The ability to monitor the migration and trafficking of cells in target tissues using noninvasive imaging techniques may contribute to the understanding of the role that cellular therapy will play in repair, replacement, and treatment of diseases. There are a variety of imaging approaches and methods that use contrast agents to label cells, including single-photon emission tomography with labeling done by indium oxine and technetium99m chelates, positron emission tomography by incubating cells with copper 64 pyruvaldehyde-bis (N4-methylthiosemicarbazone), optical or bioluminescent imaging by incorporating luciferase or green fluorescent protein-like molecules into the cell genome, and magnetic resonance imaging (MRI) using paramagnetic contrast agents (e.g., gadolinium chelates, gadolinium nanoparticles, manganese chloride, etc.) or superparamagnetic iron oxide (SPIO) nanoparticle contrast agents for ex vivo labeling and in vivo cell tracking. This chapter will focus on the methods for intracellular uptake of MRI contrast agents, the methods used to label ex vivo nonphagocytic cells (i.e., primary cells, including stem cells, progenitor cells, or terminally differentiated cells such as lymphocytes, B-cells, neurons, and beta cells in islets) with paramagnetic contrast agents and SPIO nanoparticles, the validation steps used to determine if the agents are toxic or alter cell function proliferation or differential capacity, and the steps needed to translate cell labeling techniques from bench to bedside.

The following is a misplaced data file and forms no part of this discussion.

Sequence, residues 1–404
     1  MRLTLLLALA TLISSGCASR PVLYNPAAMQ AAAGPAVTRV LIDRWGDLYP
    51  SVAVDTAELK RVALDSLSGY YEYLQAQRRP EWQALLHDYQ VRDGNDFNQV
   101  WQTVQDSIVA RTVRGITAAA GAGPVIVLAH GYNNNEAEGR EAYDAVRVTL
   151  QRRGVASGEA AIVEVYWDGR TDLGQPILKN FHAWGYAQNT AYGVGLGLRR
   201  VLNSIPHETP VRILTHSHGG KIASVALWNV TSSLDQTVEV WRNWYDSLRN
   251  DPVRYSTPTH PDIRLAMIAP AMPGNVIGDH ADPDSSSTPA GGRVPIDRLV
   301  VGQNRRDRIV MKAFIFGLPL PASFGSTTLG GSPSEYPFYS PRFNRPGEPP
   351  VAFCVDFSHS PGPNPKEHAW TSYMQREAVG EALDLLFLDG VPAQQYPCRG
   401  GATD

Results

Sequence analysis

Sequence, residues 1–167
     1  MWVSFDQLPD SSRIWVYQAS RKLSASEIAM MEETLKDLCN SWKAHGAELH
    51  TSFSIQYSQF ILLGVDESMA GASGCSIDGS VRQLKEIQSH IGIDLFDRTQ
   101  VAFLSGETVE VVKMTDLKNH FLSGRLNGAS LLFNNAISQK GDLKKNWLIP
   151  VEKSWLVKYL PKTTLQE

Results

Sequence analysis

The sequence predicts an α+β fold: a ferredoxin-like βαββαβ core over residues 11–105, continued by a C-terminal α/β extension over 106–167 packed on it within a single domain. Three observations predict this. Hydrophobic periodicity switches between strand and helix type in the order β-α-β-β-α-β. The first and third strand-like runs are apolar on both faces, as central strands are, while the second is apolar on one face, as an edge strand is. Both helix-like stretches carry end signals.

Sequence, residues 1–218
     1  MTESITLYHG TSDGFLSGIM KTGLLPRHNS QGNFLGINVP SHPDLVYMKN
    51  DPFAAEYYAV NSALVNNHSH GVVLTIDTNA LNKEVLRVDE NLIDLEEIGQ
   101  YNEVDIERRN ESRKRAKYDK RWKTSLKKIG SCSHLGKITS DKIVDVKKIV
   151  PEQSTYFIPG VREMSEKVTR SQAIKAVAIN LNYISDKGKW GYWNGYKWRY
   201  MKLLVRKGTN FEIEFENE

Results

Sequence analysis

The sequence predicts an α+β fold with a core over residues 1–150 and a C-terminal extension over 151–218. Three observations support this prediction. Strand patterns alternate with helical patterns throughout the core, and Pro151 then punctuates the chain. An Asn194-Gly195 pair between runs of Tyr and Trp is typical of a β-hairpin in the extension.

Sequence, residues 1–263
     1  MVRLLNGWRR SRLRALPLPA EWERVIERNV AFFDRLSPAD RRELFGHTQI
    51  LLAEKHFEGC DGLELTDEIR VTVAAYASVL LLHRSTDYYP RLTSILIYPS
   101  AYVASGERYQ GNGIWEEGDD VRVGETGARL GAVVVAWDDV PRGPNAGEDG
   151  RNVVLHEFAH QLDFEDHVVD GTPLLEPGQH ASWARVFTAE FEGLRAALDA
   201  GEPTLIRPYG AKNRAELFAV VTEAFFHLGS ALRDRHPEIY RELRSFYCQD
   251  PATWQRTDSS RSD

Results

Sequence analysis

|Title of host publication
|Molecular and Cellular MR Imaging
|Number of pages
|Published - Jan 1 2007
ASJC Scopus subject areas
- General Medicine
- General Biochemistry, Genetics and Molecular Biology